Herewith some evidence, for the general tech public, that Atompub is a big deal, and for the Atomistas, some interesting developments.
It’s an Atompub Future · Let’s see; Microsoft is using Atompub for... well, everything, pretty much. Google has been for a while, and that’s now leveraging Salesforce.com. Oh, and the Kool Erlang Kids are getting into the act: Atom-PubSub module for ejabberd (Hmm, I dislike “Atom PubSub” and all its orthographic variations). And then there are things like AtomServer.
The Right Amount of Cloud Lock-In · But here’s the real reason. We seem to have consensus that the future is cloudy. My #1 gripe with the cloud-computing infrastructure I’ve seen out there is that it all seems to come with some degree of lock-in.
The only appropriate amount of lock-in, to build a cloud-centric future, is zero.
It seems to me that Steve O’Grady really hit the nail on the head with Question for Cloud Campers: The Cloud and Standards. Now it’s quite possible that my obvious bias as one of Atom’s fond parents is showing here, but it seems to me that the Atom format provides a nice clean zero-lock-in way of getting information out of the cloud, and Atompub an equivalently safe way in.
Now let’s move on to some Atom-technology news stories.
Atom-Multipart · To post an image (or any other bit-blob) with Atompub, you HTTP-POST it; the server stores it and creates a synthetic Atom entry for metadata about it. Then if you want to update the metadata, you have to PUT that. So Joe Gregorio, based on his work at Google, is proposing “atom-multipart”; the idea is use pack up your bit-blob and an Atom entry full of metadata, and push ’em at the server in a MIME multipart package.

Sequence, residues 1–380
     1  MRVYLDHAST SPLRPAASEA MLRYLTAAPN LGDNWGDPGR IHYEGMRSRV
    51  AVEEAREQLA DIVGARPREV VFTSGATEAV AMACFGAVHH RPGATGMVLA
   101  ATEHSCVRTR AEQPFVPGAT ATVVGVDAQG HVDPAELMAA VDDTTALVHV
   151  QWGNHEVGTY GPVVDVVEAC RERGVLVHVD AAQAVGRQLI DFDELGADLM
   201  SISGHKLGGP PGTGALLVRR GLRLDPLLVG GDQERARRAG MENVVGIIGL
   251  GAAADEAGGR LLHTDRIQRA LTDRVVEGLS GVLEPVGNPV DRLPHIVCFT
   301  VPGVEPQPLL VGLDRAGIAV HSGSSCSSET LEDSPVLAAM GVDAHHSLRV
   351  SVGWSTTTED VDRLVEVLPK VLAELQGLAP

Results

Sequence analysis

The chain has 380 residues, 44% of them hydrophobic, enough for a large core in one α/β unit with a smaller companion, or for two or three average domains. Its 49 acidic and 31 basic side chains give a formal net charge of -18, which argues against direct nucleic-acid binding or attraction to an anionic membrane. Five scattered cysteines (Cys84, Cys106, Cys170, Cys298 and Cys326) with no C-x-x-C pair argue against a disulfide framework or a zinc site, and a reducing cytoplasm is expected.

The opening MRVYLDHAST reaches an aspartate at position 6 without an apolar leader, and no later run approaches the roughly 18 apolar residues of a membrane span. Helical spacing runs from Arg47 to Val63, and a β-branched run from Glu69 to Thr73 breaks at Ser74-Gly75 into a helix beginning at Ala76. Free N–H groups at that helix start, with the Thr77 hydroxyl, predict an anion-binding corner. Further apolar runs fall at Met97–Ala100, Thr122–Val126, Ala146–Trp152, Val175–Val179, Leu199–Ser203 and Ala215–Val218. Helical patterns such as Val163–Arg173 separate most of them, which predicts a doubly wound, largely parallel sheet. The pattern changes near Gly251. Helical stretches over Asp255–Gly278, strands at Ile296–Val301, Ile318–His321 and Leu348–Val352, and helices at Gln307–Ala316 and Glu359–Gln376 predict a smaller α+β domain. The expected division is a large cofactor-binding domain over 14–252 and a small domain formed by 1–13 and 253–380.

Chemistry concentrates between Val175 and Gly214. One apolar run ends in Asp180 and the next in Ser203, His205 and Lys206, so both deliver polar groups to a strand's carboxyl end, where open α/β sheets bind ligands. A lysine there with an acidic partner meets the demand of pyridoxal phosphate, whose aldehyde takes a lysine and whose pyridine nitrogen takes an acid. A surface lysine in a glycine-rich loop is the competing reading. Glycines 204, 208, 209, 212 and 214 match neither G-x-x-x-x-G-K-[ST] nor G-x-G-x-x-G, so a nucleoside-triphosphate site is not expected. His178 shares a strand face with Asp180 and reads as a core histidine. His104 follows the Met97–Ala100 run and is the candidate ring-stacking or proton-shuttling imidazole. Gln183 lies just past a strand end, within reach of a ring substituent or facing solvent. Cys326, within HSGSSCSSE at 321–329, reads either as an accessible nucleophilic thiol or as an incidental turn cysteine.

Everyone seems to like the idea, the Atom-protocol mailing list is chewing it over, the IETF seems to think it’s appropriate for the standards track, and I’ve volunteered to be the consensus referee (which is probably poetic justice since I’m obviously going to have to implement the sucker in mod_atom).
Meta-CRUD · Just to review: an Atompub implementation lets you create, retrieve, update, and delete (CRUD) Web Resources. So, suppose you think of publications as Web Resources, wouldn’t Atompub be a candidate for the CRUD job? Now, this is all getting more than a little bit meta, but the idea is so obvious that everybody is doing it. In fact, I’m doing it myself in mod_atom, since my original idea (to create a new publication, edit the Apache config file) is, well, really lousy.
I thought “If everyone’s doing this, maybe we should standardize it, and then authors of Atompub test suites (like me) could build portable tests”. So I raised the issue on the mailing list and well, it’s complicated.
Just by way of reminder: Atompub starts with a Service Document, which contains one or more named Workspaces, which contain Collections, which are what you actually POST to in order to start up the CRUD process.
So the meta-idea is simple; have a collection that when you POST to it, creates a new publication. What could be simpler? Well, it turns out that there are three obvious choices you could take as to what happens when you POST to one of these meta-collections:
Create a new Service Doc, with Workspaces and collections.
Create a new Workspace in the current Service Doc.
Create a new collection in the current Workspace.
There are implementors out there doing all three of these things; mod_atom does #1. We just don’t have enough experience yet to decide which (if any) of ’em deserve standardization. Oh well.